What is Hamstring Tendonopathy?
The hamstring muscles originate from the sitting bones and attach just below the back of the knee. Proximal hamstring tendinopathy (PHT) or high hamstring tendinopathy is a common, and frustrating pathology experienced among runners as a result of repetitive strain. Often, it is caused by an increase in load such as running at a higher speed, running uphill, or performing deeper lunges. It is aggravated when the hip is working in a flexed position, which may put a compressive load on the tendon.
Signs and symptoms of Hamstring Tendonopathy
- Deep buttock pain just under the sitting bone
- Worse with activities when the tendon is compressed e.g.: prolonged sitting, running, especially uphill
- In early stages the pain may go away during running after the runner warms up
- Soreness in the morning is also common
Diagnosis Of Hamstring Tendonopathy
Clinical diagnosis is made by a detailed physical examination paired with the subjective history. If required, MRI can detect tendon thickening, inflammation, and swelling.
Your physiotherapist will also assess the surrounding joints, nerves and muscles. Lumbar spine pain referral, sciatic nerve, sacroiliac joint, pelvic floor dysfunction can all cause pain in the area therefore creating the proper diagnosis is crucial for successful treatment.
Treatment of Hamstring Tendonopathy
What To Avoid?
The most important piece in the treatment of PHT is load modification to avoid aggravating factors. With PHT, the tendon becomes sensitive and overworked. As a result the tendon’s capacity to accept load decreases. This capacity can be improved with gradual loading. Stretching the hamstrings may also compress the tendon, thus prolonging the symptoms. Positions or exercises involving hip flexion (bending hip forward) such as sitting, driving, lunging, cycling, sprinting should be avoided in the early phases of rehabilitation. Swimming or water jogging may be substitutes at this stage.
Exercises For Hamstring Tendonopathy
Below are two videos with sample PHT exercises. Our physiotherapists will assess and help you find the optimal starting point in the gradual loading program. Isometric exercises are recommended in the early stages and they should be performed 3x 30 sec 2-3x a day, as they can help with pain relief. As the symptoms progress, further strengthening exercises can be added. These should be performed 3-4x a week.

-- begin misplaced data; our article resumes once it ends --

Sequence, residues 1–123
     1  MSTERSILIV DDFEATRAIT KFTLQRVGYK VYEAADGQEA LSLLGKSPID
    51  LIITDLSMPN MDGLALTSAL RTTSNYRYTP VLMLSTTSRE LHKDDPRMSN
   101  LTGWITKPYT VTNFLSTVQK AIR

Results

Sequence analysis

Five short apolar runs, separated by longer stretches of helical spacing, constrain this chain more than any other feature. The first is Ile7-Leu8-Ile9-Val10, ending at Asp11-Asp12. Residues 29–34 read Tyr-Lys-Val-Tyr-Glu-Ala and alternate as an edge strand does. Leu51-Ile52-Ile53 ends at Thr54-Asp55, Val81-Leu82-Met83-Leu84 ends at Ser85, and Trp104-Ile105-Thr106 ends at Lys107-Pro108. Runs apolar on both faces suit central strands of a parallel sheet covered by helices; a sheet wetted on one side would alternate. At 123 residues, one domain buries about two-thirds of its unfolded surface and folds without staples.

Hamstring exercises for runners in early stages and advanced hamstring exercises for runners:
Shockwave therapy, dry needling and manual therapy techniques can also aid in the recovery of PHT. At Rebalance, our physiotherapists will create an appropriate treatment plan tailored to your injury and your specific goals.
Hamstring Tendonopathy and Running
When are you ready to run?
Returning to running can be a complex decision therefore guidance by your physiotherapist/ health professional is strongly recommended. Typically a period of rest, followed by hamstring and glute strengthening is recommended before returning to regular running. Cross training like water jogging is a great way to continue with cardio fitness while avoiding aggravation to the hamstring. In some cases, runners are able to continue with running throughout PHT by reducing mileage and speed. Mild pain is acceptable during running/exercising, however it should settle entirely within 24 hours.
Over striding, and running with a forward trunk lean can be a possible factor leading to PHT. Increasing running cadence (taking shorter steps), and running a bit taller may help with the symptoms. Our trained professionals will be able to analyze and provide you with feedback on your running form if needed.
- Proximal Hamstring Tendinopathy: Clinical Aspects of Assessment and Management
Journal of Orthopaedic & Sports Physical Therapy 2016 46:6, 483-493
- Hamstring Strain Injuries: Recommendations for Diagnosis, Rehabilitation, and Injury Prevention
Journal of Orthopaedic & Sports Physical Therapy 2010 40:2, 67-81
- Gait retraining for Proximal Hamstring Tendinopathy